These statements of Jesus govern what you do as His redeemed people. Jesus’ presence is among you wherever His Gospel and His Sacraments are found. That means that if you want to receive His healing and forgiveness, you must be present where you hear of Jesus’ identity and work. But when you are sent home after gathering around Jesus’ Gospel and Sacraments, you have a task. You are to declare how much He has done for you. And as you remain in this country, you live in expectation of His return. But when Jesus comes again, His role will be different. When He returns, Jesus will bring judgment and cast out all the unclean into the abyss. But what is reserved for you, “the heirs according to the promise,” is the entry into resurrection where you dwell eternally with Him: “I will bring forth offspring from Jacob, and from Judah possessors of My mountains; My chosen shall possess it, and My servants shall dwell there.”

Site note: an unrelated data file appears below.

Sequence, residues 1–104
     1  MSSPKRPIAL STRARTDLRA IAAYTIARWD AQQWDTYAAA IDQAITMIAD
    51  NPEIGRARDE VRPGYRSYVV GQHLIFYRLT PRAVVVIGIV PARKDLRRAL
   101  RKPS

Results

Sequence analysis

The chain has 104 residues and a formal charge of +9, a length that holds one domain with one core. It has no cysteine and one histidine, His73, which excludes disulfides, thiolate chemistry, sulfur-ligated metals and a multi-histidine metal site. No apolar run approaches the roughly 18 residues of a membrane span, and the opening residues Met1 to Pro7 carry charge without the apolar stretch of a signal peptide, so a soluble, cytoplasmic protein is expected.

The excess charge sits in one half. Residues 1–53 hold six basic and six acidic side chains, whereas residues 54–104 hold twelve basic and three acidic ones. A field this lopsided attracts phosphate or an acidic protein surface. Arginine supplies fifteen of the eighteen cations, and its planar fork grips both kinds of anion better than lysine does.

That is what Jesus is for you as His holiness has encountered your uncleanliness. The Son of the Most High God has set you free. He is your Redeemer who does not torment, but who heals and saves. He has put His Spirit in you, making you holy people who belong to Him. So may you believe this about His identity. And so may you speak about how much He has done for you.

+ In the Name of the Father and of the Son and of the Holy Spirit.

Sunday, June 16, 2013

LSB Proper 6C Sermon - Luke 7:36--8:3

June 16, 2013 at Calvary Evangelical Lutheran Church – Mechanicsburg, PA

“And [Jesus] said to her, ‘Your sins are forgiven.’ Then those who were at the table with Him began to say to themselves, ‘Who is this, who even forgives sins?’ And He said to the woman, ‘Your faith has saved you; go in peace.’”

Crashing a party is a hazardous enterprise. Even the movies get that right. A large enough event provides a good possibility of entry with the right clothes, right attitude, and right moves. Most times, the danger isn’t all that great: you get thrown out of a house or hotel, but that’s about it. Perhaps the police are called; it’s not a preferable outcome, but probably a misdemeanor only. Crashing a party of thugs or felons—or a wedding party in a Philadelphia hotel—could end up a bit more problematic. Regardless of the outcome, there’s a bit of risk.